WHAT is News Corporation really worth? At least 50% more without Rupert Murdoch.
The company, which owns the Fox TV networks and the Wall Street Journal, fell 13% last week after allegations surfaced that one of Mr Murdoch's tabloid newspapers hacked into the voice mail of a murdered schoolgirl, wiping out $7 bn from its market capitalisation in less than two weeks. Compared with its closest rivals, the $41 bn company's stock now sells for less than its earnings, according to data compiled by Bloomberg.
Valuing its units separately, the New York-based media conglomerate would be worth $62bn to $79bn, estimates from Barclays and Gabelli show, indicating that the company trades at an almost 50% discount to its units.
Mr Murdoch is facing growing scrutiny over his management of the company after the hacking revelations forced him to abandon a takeover of British Sky Broadcasting Group and deepened a slump that has left shareholders with a 16% loss in the past five years even as rivals gained.
"There's just sort of this generic Murdoch discount, which encompasses the concern that he will make decisions that are not consistent with other shareholder interests," says Michael Morris, an analyst at Davenport in the US. "The sum of the parts of News Corporation is huge compared with where the stock trades."
Based on Mr Morris's sum-of- the-parts analysis, the company is worth about $25 a share, 60% higher than its closing price of $15,64 last week.
Its shares dropped 2,6% to $15,23 yesterday in New York. Since the scandal broke, the company's value has fallen about $7bn.
Mr Murdoch and his son James face British MPs today to answer questions about employees paying police for stories, and the US 's Federal Bureau of Investigation began examining whether staff tried to hack into phones of September 11 2001 terrorism victims.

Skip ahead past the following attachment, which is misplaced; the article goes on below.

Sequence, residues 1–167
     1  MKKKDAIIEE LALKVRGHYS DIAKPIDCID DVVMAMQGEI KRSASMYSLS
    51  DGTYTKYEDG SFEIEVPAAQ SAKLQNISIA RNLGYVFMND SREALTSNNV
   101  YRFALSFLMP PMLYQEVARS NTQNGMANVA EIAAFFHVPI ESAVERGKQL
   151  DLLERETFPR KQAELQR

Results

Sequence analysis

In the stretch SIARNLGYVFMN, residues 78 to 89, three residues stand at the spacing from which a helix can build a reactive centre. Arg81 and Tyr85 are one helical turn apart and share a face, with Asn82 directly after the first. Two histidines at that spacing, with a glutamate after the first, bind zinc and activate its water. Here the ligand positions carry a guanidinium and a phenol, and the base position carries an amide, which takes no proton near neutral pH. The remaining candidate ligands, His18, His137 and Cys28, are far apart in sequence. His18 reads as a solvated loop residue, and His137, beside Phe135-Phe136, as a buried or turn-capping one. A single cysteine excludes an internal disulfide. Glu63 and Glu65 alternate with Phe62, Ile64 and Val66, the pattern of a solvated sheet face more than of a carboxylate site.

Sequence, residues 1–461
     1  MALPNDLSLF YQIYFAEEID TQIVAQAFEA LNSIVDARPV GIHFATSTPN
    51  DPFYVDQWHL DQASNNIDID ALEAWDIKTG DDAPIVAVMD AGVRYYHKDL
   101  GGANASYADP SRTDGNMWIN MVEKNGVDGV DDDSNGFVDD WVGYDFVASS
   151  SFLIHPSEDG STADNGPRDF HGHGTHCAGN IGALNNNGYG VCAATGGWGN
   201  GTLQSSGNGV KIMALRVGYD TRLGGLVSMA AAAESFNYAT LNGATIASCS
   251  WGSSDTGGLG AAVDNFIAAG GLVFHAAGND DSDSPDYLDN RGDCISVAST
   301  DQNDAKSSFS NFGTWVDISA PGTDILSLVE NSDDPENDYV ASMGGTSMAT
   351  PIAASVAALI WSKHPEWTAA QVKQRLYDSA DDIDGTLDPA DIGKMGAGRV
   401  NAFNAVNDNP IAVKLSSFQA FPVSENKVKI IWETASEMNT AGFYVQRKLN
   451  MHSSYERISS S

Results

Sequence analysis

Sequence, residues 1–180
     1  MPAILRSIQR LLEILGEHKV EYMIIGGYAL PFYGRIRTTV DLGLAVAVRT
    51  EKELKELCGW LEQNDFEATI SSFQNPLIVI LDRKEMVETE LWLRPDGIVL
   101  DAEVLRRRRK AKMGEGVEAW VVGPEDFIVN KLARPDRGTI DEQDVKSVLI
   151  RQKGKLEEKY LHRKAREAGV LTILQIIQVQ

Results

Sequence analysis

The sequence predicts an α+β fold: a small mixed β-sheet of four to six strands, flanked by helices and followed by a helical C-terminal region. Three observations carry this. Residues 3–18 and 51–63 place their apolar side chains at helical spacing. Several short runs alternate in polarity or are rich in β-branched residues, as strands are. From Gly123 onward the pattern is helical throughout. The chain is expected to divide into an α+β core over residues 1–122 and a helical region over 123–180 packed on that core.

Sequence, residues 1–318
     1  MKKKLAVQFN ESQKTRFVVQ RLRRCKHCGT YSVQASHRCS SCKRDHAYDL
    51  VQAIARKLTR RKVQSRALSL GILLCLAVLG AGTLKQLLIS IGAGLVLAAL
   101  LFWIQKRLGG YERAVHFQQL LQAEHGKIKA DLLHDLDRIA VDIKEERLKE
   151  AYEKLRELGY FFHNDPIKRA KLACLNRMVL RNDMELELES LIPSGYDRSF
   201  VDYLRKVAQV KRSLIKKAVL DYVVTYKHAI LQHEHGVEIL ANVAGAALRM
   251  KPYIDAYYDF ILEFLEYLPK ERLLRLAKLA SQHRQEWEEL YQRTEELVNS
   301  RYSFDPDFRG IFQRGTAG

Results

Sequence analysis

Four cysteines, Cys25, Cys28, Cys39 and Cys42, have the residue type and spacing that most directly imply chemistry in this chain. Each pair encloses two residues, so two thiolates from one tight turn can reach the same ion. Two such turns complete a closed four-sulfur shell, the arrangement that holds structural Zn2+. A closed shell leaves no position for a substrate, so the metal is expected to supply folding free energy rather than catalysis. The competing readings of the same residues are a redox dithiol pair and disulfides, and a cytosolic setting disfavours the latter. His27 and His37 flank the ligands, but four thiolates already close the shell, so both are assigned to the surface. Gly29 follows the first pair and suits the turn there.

Les Hinton, chairman of News International, the UK publishing unit that included News of the World when the alleged hacking occurred, stepped down as head of the Dow Jones division on Friday. That came hours after the exit of News International CE Rebekah Brooks, who was then arrested by UK police on Sunday.
Ed Miliband, leader of the UK's opposition Labour Party, called on Sunday for Mr Murdoch's media company to be broken up, saying it had too much influence.
Independent directors of the company have begun questioning its response to the crisis and whether a leadership change is needed, said two people with direct knowledge of the situation who would not speak publicly. Some people close to the Murdoch family and the company's directors said last week it would make sense for Mr Murdoch to relinquish his job as CEO and stay on as chairman.
Even if Mr Murdoch were to step down as CEO, he and his family would still control management decisions at News Corporation through its 38% stake in the class B voting shares, Stewart Capital analyst Malcolm Polley said.
"Rupert should go because it's in the best interest of everybody," says Terry Smith, CEO of London-based interdealer broker Tullett Prebon. "The scandal is symptomatic of his business judg ment.
"When a large number of your staff have been involved in criminal activities, normal CEOs of public companies who have to answer to outside shareholders and capital providers are less inclined to sweep it under the carpet," he says.
If the position of the Murdoch family weakens further, chief operating officer Chase Carey may be named as interim CEO, one person close to the family and board says. When announcing Mr Hinton's departure, Mr Murdoch downplayed his own importance to the company he built from two inherited Australian newspapers.
"News Corporation is not Rupert Murdoch," he said. "It is the collective creativity and effort of many thousands of people around the world."
Mr Murdoch's attachment to newspapers, which has contributed to a 28% decline in operating income at News Corporation 's newspapers and information services unit in the past five years, has cost investors billions of dollars. The company's market value has shrunk by $31bn since it offered to pay a 70% premium for Dow Jones in May 2007 . Bloomberg